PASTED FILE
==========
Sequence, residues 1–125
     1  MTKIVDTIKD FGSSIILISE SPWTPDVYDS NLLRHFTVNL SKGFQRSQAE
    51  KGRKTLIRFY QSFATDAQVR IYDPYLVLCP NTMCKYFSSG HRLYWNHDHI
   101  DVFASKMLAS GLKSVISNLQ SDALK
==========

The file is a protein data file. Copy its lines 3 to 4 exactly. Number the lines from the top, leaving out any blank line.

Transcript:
    51  KGRKTLIRFY QSFATDAQVR IYDPYLVLCP NTMCKYFSSG HRLYWNHDHI
   101  DVFASKMLAS GLKSVISNLQ SDALK